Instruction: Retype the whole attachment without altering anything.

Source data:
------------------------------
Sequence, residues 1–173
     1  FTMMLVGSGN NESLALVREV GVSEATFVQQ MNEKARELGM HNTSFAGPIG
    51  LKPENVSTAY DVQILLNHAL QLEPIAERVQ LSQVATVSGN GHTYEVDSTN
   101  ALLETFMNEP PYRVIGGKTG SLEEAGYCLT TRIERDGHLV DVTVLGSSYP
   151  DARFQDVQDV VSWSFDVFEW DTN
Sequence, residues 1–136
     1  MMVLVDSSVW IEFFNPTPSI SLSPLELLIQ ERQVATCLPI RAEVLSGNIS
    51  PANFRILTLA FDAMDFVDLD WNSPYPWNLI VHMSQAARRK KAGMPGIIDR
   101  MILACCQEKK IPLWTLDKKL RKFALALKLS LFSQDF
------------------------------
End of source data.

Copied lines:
Sequence, residues 1–173
     1  FTMMLVGSGN NESLALVREV GVSEATFVQQ MNEKARELGM HNTSFAGPIG
    51  LKPENVSTAY DVQILLNHAL QLEPIAERVQ LSQVATVSGN GHTYEVDSTN
   101  ALLETFMNEP PYRVIGGKTG SLEEAGYCLT TRIERDGHLV DVTVLGSSYP
   151  DARFQDVQDV VSWSFDVFEW DTN
Sequence, residues 1–136
     1  MMVLVDSSVW IEFFNPTPSI SLSPLELLIQ ERQVATCLPI RAEVLSGNIS
    51  PANFRILTLA FDAMDFVDLD WNSPYPWNLI VHMSQAARRK KAGMPGIIDR
   101  MILACCQEKK IPLWTLDKKL RKFALALKLS LFSQDF